Thousands of Canadians have rallied behind two petitions calling for a nationwide ban of conversion therapy. It’s part of a wider global trend condemning the practice.
Peter Gajdics came out as gay to his family when he was 23. His staunchly Catholic parents rejected his homosexuality, and he left home.
But Gajdics found himself struggling with deep depression and with feeling alienated and estranged, and his doctor referred him to a psychiatrist.
That psychiatrist centred on Gajdics’ sexuality as the problem, telling him that abuse he suffered as a child created a “false notion” that he was homosexual.
“So the goal in my therapy would be to work through my ‘trauma’ and therefore I would revert to my innate heterosexuality,” says Gajdics. “Everything about my therapy became focused to do that.”
The treatments grew increasingly intense. He was prescribed a cocktail of psychiatric medications – antidepressants, a sedative and more – and told they were necessary “to silence the noise” of his homosexuality.
The young Canadian man spent six years under the psychiatrist’s care, eventually moving into a house with other patients, “isolated from the world, definitely not talking to family or former friends, which was prohibited”.
He finally left the treatment, got off the medications, and sued the doctor for medical malpractice.
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One of the grounds for his lawsuit, which was settled out of court in 2003, was that the psychiatrist had tried to treat Gajdics’ homosexuality as a disease.
For Gajdics, part of the process of reclaiming his life after that experience was to speak out against conversion therapy – sometimes also called “sexual reorientation”, “reparative”, or “gay cure” therapy.
He recognises what he went through was an extreme form of the practice, but the intended goal of any form of conversion therapy is the same: to attempt to change an LGBT person’s sexual orientation or gender identity.
Conversion therapy has been widely discredited by major psychotherapy and medical associations in many countries, including Canada, the US and the UK, and is opposed by the World Health Organisation and the United Nations.
Gajdics eventually wrote a memoir – The Inheritance of Shame – about his experience, and shortly before its release approached the city of Vancouver, where he lives, to lobby for a ban on the practice there.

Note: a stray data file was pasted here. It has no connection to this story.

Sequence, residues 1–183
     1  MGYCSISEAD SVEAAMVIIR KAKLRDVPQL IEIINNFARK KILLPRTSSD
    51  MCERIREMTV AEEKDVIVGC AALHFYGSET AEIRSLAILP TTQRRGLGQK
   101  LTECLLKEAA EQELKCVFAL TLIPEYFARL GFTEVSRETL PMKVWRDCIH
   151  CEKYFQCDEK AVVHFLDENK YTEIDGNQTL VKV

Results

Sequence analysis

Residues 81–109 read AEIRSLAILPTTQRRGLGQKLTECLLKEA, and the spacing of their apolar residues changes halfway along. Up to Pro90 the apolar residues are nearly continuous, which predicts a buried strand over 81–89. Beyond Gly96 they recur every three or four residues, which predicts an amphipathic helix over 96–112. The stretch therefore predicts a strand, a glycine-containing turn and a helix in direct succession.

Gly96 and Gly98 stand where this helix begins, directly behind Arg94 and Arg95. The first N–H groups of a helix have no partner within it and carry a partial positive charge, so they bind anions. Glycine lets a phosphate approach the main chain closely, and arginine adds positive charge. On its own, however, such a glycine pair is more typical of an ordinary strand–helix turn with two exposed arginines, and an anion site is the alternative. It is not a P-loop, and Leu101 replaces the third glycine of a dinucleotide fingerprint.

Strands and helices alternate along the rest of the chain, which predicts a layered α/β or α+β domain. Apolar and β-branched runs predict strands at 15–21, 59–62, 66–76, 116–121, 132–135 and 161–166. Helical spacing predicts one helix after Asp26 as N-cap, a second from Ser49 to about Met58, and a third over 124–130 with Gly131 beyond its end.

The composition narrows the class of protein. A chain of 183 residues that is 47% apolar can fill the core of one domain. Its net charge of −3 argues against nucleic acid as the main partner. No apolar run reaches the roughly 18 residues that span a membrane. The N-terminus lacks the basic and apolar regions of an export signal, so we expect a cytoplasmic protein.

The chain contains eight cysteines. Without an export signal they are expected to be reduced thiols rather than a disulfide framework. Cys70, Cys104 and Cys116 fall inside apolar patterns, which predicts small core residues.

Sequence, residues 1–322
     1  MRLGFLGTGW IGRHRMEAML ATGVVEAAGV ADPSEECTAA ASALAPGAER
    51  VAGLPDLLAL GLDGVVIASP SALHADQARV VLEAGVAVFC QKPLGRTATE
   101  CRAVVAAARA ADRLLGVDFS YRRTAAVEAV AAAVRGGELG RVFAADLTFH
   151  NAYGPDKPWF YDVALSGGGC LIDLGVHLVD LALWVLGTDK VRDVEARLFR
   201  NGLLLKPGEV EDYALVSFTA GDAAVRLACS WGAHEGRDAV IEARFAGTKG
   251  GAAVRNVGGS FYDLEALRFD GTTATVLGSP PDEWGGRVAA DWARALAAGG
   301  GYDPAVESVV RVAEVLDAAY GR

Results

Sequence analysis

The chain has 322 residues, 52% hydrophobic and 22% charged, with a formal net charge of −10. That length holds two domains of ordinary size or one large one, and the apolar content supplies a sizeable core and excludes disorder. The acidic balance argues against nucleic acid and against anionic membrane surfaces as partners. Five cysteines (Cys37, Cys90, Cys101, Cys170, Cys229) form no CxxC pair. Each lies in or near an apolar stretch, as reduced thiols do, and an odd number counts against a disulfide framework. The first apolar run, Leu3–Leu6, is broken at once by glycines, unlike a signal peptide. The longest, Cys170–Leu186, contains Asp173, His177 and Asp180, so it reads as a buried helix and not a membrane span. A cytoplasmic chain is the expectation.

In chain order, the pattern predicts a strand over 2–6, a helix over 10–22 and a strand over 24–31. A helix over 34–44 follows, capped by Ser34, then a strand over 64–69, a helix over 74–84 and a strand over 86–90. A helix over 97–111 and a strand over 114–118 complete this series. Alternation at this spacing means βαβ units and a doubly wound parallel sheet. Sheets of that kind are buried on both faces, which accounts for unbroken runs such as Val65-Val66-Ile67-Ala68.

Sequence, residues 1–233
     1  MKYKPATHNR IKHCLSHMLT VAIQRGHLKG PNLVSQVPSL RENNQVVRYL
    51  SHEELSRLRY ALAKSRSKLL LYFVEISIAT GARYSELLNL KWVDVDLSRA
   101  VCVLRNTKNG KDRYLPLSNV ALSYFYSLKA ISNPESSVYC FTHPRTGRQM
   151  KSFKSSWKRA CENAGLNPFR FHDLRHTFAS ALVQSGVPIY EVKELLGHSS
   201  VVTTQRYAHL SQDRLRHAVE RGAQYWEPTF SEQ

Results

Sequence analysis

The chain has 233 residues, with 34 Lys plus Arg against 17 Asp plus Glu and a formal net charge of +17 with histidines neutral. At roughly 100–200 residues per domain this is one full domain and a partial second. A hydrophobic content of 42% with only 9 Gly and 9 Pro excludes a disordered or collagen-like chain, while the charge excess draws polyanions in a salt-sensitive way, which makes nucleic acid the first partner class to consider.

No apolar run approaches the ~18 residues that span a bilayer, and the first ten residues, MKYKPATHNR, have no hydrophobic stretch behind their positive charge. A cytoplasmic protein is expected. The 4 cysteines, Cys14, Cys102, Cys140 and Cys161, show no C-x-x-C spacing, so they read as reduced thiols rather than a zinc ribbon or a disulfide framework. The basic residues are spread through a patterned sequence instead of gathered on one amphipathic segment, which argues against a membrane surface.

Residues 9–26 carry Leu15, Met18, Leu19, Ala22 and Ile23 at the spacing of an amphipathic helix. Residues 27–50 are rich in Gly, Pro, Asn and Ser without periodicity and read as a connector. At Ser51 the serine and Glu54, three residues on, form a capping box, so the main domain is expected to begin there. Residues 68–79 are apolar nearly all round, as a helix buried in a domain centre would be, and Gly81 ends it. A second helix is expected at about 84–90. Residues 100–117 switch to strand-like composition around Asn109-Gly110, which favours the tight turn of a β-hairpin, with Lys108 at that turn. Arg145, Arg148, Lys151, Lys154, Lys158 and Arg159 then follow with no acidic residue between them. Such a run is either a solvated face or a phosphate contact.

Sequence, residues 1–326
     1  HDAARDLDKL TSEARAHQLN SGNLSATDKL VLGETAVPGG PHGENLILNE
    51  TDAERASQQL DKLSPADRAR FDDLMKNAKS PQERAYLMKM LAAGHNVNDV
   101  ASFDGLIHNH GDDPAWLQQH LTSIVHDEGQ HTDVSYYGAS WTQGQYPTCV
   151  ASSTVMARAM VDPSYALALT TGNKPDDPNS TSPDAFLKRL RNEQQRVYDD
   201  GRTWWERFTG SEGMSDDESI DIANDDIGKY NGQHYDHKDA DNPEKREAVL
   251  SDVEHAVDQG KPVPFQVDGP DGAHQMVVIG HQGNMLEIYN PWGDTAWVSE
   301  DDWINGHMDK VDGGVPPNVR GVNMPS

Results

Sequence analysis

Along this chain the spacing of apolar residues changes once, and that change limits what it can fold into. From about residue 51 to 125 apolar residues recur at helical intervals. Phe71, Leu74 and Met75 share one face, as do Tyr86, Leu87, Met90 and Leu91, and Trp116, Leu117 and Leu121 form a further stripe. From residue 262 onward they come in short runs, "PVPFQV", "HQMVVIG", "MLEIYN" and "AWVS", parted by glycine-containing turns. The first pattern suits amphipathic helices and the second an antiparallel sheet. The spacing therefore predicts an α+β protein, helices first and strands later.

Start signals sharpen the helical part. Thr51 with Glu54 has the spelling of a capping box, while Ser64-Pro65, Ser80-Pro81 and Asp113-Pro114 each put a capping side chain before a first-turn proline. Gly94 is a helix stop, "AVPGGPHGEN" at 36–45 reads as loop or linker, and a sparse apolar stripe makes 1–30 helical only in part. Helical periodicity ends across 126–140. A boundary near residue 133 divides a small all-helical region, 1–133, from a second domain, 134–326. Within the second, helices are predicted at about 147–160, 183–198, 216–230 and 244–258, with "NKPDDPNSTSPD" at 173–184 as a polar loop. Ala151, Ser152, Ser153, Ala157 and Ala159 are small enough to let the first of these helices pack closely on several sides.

A motion to prohibit businesses from providing conversion therapy to minors passed in June.
Two provinces in Canada – Ontario and Manitoba – have also taken steps to limit conversion therapy within their jurisdictions.
Now, there’s a growing push for a nationwide ban.
Two separate petitions have racked up tens of thousands signatures since being posted earlier this year.
“In 2018, there’s no reason that Canada, which considers itself a forerunner in human rights, to be allowing the practice,” Devon Hargreaves, who helped launch one of those campaigns, tells the BBC.
The petition, which has more than 11,200 signatures so far, calls on Canadian legislators to ban conversion therapy for minors and to prohibit taking minors outside of the country for such purposes.
The second petition, started by It Gets Better Canada, an affiliate of the US-based non-profit organisation that supports LGBT youth, has over 58,400 signatures.
That petition calls on the federal government to clearly state that Canada “opposes the use of conversion therapy and other related treatments” and to develop policies to prevent anyone from attempting to alter a minor’s sexual orientation or gender identity or expression.
It Gets Better Canada’s Chris Gudgeon says people have two reactions when they hear about the group’s efforts to ban the practice: “‘I can’t believe this is happening in Canada’, or ‘this happened to me and it’s time we ban it”.
Only three countries in the world – Ecuador, Brazil, and Malta – ban conversion therapy.
But a number of factors have brought the issue into the open in recent years.
“There was this strange moment where all of a sudden conversion therapy caught people’s attention,” says Gudgeon.